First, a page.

Following the Supreme Court decision in Clayton v Clayton (Claymark Trust) fresh light has been shed upon the scope of s 182 of the Family Proceedings Act 1980 in the case of Da Silva v Da Silva.
By way of background s 182 gives the Court the discretion following divorce (the section does not apply to de facto relationships) to make orders as to the application of property settled by way of a post-nuptial settlement, whether for the benefit of the children or a party to the marriage, such as in the case in hand, Mr da Silva.
Section 182 of the Family Proceedings Act 1980 provides:
182 Court may make orders as to settled property, etc
(1) On, or within a reasonable time after, the making of an order under Part 4 of this Act or a final decree under Part 2 or Part 4 of the Matrimonial Proceedings Act 1963, a Family Court may inquire into the existence of … any ante-nuptial or post-nuptial settlement made on the parties, and may make such orders with reference to the application of the whole or any part of any property settled or the variation of the terms of any such … settlement, either for the benefit of the children of the marriage … or of the parties to the marriage … as the court thinks fit.
(3) In the exercise of its discretion under this section, the court may take into account the circumstances of the parties and any change in those circumstances since the date of the … settlement and any other matters which the court considers relevant.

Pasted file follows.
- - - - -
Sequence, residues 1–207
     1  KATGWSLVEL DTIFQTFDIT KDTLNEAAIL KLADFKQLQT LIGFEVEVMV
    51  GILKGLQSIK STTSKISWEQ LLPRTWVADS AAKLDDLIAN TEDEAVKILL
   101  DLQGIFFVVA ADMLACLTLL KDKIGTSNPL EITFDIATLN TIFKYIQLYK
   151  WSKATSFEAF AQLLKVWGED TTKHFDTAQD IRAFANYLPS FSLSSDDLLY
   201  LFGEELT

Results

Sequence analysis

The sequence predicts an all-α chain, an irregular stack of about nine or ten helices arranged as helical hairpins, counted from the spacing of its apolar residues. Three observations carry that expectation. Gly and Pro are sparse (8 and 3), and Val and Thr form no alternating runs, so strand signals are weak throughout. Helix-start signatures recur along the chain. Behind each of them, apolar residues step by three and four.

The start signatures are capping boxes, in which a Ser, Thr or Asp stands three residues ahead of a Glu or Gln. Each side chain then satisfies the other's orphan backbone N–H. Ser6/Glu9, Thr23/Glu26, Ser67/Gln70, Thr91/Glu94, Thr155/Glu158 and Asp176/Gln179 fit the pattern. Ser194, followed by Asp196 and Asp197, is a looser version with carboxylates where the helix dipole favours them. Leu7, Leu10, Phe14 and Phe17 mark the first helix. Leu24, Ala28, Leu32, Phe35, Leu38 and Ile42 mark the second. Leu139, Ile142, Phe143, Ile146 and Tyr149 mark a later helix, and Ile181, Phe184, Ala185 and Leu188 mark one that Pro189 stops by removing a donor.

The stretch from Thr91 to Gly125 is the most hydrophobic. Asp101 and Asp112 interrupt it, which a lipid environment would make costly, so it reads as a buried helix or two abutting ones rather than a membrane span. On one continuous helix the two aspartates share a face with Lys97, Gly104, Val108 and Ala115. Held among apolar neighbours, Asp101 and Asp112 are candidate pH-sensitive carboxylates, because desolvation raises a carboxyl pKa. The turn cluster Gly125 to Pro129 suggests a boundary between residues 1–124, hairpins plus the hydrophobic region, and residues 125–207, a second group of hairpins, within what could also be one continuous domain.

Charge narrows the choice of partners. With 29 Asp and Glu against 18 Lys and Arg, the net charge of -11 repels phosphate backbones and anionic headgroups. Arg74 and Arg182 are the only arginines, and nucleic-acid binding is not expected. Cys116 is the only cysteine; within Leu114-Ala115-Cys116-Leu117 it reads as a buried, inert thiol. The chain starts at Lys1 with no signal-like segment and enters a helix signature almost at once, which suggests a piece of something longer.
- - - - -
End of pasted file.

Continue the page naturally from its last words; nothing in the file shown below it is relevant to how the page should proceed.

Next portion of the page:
In da Silva v da Silva a trust was settled by Mrs da Silva’s mother some years after Mr and Mrs da Silva married. The trust was settled for the benefit of Mrs da Silva’s mother, Mrs da Silva and Mrs da Silva’s children. Mr da Silva was not a beneficiary. Regardless he argues that the settlement of the trust was a post-nuptial settlement for the purposes of s 182.
Clayton v Clayton considers the extent to which a settlement comes under s 182 at  and  and :
 The Court of Appeal in Ward went on to say that to come within the term “settlement” as used in s 182, any arrangement must be one that “makes some form of continuing provision for both or either of the parties to a marriage in their capacity as spouses, with or without provision for their children”. It was also made clear that discretionary family trusts can be settlements for the purposes of s 182. Further, property acquired by a trust after it is settled can also come within the definition of settlement. This is because the settlement is “the trust itself and any trust property (whenever acquired) must be part of the settlement”.
 We agree with the analysis of the Court of Appeal in Ward. We add that we see the requirement that the settlement be for both or either of the parties “in their capacity as spouses” as meaning only that there must be a connection or proximity between the settlement and the marriage. Where there is a family trust (whether discretionary or otherwise) set up during the currency of a marriage with either or both parties to the marriage as beneficiaries, there will almost inevitably be that connection. As Lord Penzance said in Worsley v Worsley: